Although  intellectual  property  may represent  a significant share of some firms’  market  value, only a small percentage of issued patents is commercially valuable.  Also,  many  patents   go  unimplemented, and so firms may want to sell unused or underused patents  to monetize  intellectual  property  assets for other purposes.

A survey of 150 technology  firms  and  research universities  in  the  United  States,  western  Europe, and Japan found that only 15 percent had no unused patents. Although patent holders may have many legitimate reasons not to exploit their patented inventions, the situation led to the creation of patent exchanges  or patent  licensing markets,  which set a fair market value on a patent and facilitate its sale.

Value Of Innovation Versus Cost Of Patent

Any inventor  must  weigh the  value of the  innovation against the time and money spent to obtain the patent. Also, it is important to remember  that many patents  are declared  invalid after being challenged in court. One reason is that the patent holder waited an unreasonable  length of time before asserting his or her rights. A second reason  is that  those bringing suit against the patent  holder are able to prove that the individual misused the patent rights. A third reason is that other parties are able to prove that the patent  fails to meet tests of patentability  and therefore is invalid.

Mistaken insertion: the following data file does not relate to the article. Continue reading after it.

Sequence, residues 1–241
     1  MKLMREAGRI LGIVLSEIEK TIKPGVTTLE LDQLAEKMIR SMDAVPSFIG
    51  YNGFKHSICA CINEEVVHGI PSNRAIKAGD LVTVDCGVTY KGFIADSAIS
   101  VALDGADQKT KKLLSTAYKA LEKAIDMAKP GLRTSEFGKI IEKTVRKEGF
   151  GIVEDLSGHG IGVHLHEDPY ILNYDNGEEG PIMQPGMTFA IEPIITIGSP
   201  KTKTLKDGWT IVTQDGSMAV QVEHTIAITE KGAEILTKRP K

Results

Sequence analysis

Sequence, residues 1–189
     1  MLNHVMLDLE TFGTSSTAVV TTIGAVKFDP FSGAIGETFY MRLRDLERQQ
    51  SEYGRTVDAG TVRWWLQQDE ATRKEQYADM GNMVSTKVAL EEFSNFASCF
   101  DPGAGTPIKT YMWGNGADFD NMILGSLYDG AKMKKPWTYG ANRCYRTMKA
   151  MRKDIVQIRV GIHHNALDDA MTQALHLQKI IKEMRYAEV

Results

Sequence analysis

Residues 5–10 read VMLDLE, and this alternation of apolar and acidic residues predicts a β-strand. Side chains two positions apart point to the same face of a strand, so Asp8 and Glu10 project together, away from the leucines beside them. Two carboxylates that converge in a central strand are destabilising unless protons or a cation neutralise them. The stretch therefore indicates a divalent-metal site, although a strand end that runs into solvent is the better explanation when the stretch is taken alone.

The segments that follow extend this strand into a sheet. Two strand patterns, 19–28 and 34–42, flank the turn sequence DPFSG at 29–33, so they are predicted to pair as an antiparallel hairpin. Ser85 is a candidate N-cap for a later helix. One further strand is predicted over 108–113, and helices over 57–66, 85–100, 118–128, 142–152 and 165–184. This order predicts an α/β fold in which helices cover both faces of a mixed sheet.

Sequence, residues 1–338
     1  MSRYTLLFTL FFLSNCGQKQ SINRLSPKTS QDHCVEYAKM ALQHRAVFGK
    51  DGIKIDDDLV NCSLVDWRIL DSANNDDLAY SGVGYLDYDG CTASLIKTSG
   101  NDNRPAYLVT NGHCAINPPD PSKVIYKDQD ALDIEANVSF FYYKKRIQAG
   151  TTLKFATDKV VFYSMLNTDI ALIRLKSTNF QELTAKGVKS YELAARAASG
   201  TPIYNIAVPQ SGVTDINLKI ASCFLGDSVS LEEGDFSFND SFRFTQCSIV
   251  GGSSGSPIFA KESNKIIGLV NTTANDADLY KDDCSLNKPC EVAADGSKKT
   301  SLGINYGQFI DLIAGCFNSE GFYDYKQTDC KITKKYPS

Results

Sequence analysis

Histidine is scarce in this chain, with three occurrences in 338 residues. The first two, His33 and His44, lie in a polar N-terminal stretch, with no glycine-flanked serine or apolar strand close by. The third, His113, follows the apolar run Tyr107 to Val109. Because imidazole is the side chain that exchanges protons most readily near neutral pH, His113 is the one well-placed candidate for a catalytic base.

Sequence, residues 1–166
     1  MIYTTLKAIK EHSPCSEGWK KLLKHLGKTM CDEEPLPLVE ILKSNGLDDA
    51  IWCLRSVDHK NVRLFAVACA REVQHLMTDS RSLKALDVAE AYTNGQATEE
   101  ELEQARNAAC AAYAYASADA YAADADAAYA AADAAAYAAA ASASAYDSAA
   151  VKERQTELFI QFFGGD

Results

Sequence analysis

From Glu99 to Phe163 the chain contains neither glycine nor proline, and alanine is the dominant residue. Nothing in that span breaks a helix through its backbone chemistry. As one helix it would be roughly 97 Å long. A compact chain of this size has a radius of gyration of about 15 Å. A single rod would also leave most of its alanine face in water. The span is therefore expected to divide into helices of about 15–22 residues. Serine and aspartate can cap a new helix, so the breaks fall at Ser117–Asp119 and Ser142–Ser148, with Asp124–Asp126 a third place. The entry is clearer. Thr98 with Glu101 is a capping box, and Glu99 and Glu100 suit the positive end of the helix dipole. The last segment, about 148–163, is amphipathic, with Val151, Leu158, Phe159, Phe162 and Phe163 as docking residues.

Truth be told, the entrepreneur might waste a lot of money on protecting  intellectual property that could have funded marketing and product development. Another   factor  is  whether   the  invention   will  be obsolete  before the  patent  is issued, especially in a fast-moving  market.  Neither  is there  any guarantee that  a patent  is valid. Many cases have been lost by showing that the patent  examiner was mistaken and missed an important precedent.  A good example is the Toyota RAV4, which was copied perfectly as the Chinese-built Jonway UFO. Toyota has not been able to stop UFO sales because it did not get proper patent protection for the car’s design in Europe. The UFO is identical to the RAV4 down to the body panels and doors,  which  are interchangeable  with  the  original Toyota model parts. BMW and Daimler have started lawsuits to try to prevent the launch of Chinese clones of their  own cars. The brands  argue that  the  lookalikes could hurt their brand images.